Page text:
a PBS documentary
Opera and the death penalty make such an unlikely combination that when SAN FRANCISCO OPERA commissioned a new production based on this controversial and divisive subject, skeptics raised their eyebrows.
Sure, it worked in the movies, and earned an Oscar for actress Susan Sarandon.
But would it work for opera?
In October of the 2000-2001 season, skeptics got their answer – a resounding YES! The opera played to a full house; audiences were moved by the performances of the all-star cast and by JAKE HEGGIE’s vital and lyrical music. Clearly, General Director LOTFI MANSOURI’s courage paid off.
The surest sign of success yet: the opera’s first staging was not its last. In April of the 2001-2002 season, DEAD MAN WALKING walked on to a different stage – at OPERA PACIFIC in Southern California, clearly spared the usual fate of many a new opera. It received its East Coast premiere in the Fall of 2002 at the NY CITY OPERA with JOYCE DIDONATO in the lead role of Sister HELEN PREJEAN.
On January 14, 2002 a new documentary played on national public television. It told the inside story of DEAD MAN WALKING – from playwright Terrence McNally’s first written page (he wrote the libretto) to its realization on the stage, and all that went on behind it. Some of the most interesting stories were told by the members of the cast who took great pains to prepare themselves emotionally for their roles. Tenor JOHN PACKARD, for example, did not only rely on books, documentaries and interviews; he visited Death Row in Louisiana’s Angola Prison.
Indeed, it is not easy to get inside the skin of a convicted prisoner facing the death sentence for a crime committed in our own time and place; neither is it easy to get into the minds of the people caught in the web of the crime, the reality of which can be overwhelming. Through this film, viewers are able to get a peek at the rehearsal sessions and observe the singers, the stage director and the music director working together in an act of creation as they breathed life into the characters of the drama and gave voice to the music for the very first time. Viewers also get to hear all sides of the capital punishment debate – through interviews with real people seeking either compassion (such as Sister Helen Prejean herself and convicts’ families) , or justice (such as the families victims left behind).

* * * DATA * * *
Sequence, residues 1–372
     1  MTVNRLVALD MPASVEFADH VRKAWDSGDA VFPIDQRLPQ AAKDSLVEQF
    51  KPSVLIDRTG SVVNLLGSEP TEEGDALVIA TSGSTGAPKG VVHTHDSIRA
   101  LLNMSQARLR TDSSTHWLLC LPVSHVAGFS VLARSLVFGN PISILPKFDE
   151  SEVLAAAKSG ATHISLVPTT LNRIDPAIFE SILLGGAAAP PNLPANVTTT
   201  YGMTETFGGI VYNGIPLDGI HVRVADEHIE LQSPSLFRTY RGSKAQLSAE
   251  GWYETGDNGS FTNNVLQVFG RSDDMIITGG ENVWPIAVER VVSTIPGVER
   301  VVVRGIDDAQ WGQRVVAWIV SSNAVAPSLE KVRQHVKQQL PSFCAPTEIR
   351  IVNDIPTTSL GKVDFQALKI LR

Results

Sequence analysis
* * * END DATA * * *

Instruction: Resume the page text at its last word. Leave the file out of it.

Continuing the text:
And since this is opera – what about the music? It is not left out in this compelling documentary. In hearing big chunks of it, one gets to hear some of America’s most beautiful voices articulating the human complexities of crime and punishment and contemplating the blessings of forgiveness and redemption. The success of the opera shows that this most unrealistic of art forms can have an impact on the way people think about burning contemporary issues in a way no other medium can.
Note: Since its world premiere, DEAD MAN WALKING has proved to be one of the most successful of modern-day operas, having seen numerous productions in many countries. See DMW: Just the FACTS